Here’s what Michigan’s pension tax repeal would mean for seniors

Gov. says Michigan seniors need tax money in their pockets

Gov. Gretchen Whitmer is getting ready for when the Democratic Party takes control of the Michigan Legislature.

Several items are on the to-do list, such as changing the right-to-work law and eliminating the state’s pension tax. It all falls under the category of “every little bit helps.”

Former Michigan Gov. Rick Snyder implemented the pension tax because he didn’t think special tax carve-outs were fair. Whitmer says Michigan’s seniors need the tax money in their pockets.

Deborah Clark of Hazel Park bought a few items at the grocery store, which took a sizable bite out of her tight budget.

“Everything is overpriced,” Clark said.

She’s on retirement’s doorstep, as she plans to retire in January.

Rod Meloni: “You’re looking forward to a small pension?”

Clark: “Yes.”

Rod Meloni: “What do you think about the state income tax on that pension?”

Clark: “They need to stop that tax.”

Whitmer’s office on Wednesday, Dec. 14, said the governor has introduced a plan to repeal retirement tax altogether.

“We are currently working with the incoming leaders on a legislative agenda for next year that will help working families across the state, but our north star is always lowering costs, cutting taxes, and growing our economy,” Whitmer’s office said. “In our most recent budget proposal, the governor put forward a plan to repeal the retirement tax.”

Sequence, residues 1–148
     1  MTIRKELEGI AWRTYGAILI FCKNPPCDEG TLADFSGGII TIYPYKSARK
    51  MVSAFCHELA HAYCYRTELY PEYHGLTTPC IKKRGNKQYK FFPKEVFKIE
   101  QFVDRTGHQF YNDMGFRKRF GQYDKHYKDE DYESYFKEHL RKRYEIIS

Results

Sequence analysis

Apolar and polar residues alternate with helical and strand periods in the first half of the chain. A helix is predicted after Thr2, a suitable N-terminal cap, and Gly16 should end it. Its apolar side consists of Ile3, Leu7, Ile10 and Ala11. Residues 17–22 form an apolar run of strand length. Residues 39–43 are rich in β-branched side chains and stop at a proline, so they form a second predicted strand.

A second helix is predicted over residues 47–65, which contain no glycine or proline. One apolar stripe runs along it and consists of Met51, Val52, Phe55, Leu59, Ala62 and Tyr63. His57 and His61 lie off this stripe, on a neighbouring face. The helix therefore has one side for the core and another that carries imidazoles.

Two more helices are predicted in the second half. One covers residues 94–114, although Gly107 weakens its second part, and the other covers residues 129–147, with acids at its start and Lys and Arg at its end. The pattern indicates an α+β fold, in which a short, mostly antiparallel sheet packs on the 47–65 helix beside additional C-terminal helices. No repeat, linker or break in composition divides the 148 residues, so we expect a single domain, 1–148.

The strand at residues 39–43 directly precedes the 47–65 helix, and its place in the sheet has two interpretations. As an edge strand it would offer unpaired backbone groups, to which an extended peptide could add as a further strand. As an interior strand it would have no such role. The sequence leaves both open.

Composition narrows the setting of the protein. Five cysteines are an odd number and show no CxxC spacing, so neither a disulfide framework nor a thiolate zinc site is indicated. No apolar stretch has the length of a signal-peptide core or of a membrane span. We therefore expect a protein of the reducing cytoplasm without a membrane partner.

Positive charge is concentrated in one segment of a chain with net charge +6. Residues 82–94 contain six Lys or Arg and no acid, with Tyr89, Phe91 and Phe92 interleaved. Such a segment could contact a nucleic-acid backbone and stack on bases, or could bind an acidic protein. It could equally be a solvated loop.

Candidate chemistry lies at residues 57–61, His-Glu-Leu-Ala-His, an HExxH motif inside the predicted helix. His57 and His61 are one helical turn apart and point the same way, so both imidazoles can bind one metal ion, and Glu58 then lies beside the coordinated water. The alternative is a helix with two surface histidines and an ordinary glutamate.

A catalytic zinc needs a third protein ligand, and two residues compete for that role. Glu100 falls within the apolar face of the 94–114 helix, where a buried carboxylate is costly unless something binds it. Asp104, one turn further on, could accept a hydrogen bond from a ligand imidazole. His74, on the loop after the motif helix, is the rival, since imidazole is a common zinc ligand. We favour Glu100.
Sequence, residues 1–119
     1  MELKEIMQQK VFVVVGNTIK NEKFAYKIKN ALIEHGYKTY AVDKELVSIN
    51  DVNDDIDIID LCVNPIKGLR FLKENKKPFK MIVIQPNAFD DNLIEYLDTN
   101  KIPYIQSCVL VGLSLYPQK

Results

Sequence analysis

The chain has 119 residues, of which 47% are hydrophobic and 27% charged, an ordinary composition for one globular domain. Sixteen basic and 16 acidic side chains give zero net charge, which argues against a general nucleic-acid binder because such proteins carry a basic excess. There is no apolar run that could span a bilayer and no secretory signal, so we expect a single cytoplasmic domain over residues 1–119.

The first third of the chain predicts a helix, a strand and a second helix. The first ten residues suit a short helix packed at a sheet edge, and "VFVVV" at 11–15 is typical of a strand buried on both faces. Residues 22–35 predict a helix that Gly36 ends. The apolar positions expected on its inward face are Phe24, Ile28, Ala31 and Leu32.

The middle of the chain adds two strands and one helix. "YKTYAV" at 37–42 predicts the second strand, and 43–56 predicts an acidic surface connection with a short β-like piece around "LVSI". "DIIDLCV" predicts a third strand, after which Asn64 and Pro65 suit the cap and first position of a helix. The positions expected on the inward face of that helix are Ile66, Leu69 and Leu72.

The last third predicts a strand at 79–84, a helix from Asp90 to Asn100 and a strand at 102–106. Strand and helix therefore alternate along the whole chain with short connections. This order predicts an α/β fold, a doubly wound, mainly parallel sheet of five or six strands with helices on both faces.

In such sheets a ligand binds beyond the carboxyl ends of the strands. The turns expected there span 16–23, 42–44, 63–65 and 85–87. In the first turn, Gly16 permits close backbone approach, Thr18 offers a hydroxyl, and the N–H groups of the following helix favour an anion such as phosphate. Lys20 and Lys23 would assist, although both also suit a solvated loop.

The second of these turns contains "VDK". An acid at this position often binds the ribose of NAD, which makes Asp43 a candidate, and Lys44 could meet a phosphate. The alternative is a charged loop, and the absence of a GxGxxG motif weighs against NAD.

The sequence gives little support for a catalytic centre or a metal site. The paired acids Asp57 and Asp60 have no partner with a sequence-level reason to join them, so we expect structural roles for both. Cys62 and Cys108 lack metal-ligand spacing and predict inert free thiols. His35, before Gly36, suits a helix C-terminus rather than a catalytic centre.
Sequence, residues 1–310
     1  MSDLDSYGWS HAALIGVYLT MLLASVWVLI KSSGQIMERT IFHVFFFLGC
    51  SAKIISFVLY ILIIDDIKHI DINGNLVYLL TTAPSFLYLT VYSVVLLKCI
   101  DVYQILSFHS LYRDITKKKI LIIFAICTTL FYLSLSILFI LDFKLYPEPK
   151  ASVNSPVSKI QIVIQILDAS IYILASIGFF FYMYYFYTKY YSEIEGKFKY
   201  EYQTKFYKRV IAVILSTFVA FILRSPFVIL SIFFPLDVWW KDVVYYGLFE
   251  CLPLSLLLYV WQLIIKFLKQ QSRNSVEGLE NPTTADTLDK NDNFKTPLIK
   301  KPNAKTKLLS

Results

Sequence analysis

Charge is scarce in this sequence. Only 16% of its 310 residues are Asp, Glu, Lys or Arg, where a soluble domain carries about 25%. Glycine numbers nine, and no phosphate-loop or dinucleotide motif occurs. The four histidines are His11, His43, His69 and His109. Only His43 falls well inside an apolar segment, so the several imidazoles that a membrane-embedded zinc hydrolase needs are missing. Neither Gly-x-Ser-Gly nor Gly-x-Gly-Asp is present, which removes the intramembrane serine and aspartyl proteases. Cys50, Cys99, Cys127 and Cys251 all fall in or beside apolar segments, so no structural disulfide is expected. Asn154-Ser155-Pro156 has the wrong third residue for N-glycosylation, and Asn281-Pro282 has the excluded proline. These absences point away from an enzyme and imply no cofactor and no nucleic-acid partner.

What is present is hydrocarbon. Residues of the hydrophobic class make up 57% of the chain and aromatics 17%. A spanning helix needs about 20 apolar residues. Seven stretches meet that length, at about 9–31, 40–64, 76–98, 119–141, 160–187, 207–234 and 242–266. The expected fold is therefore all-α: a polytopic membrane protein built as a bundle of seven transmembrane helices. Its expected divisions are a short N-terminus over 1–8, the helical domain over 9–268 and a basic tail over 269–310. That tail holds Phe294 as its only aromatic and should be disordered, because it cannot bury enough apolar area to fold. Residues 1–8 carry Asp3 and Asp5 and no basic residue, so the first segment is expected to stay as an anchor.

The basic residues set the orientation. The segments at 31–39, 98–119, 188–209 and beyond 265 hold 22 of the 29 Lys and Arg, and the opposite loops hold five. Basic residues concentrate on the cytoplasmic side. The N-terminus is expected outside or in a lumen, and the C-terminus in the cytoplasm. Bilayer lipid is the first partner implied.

Here’s how it currently works:

If you’re filing single and were born before 1946, you get a $54,404 income exemption. That is doubled for married couples filing jointly.

If you were born between 1946 and 1952, your first $20,000 is exempt for singles, and double for married couples. If your birthday is after 1952, you’re expected to pay the full tax amount.

So let’s say your annual pension is paying you $25,000. The state income tax is 4.25%, which means you would have $1,062.50 on a tax bill in 2022.

Its repeal would undoubtedly be welcomed news.

“That would be great,” Clark said. “I would be happy about that.”

One of the intricacies is if you are married, the state considers the older senior’s birthdate to determine where you fit on that tax ladder.

There’s yet to be a specific date or wording for when a repeal might happen.

About the Authors:

Rod Meloni is an Emmy Award-winning Business Editor on Local 4 News and a Certified Financial Planner™ Professional.

Brandon Carr is a digital content producer for ClickOnDetroit and has been with WDIV Local 4 since November 2021. Brandon is the 2015 Solomon Kinloch Humanitarian award recipient for Community Service.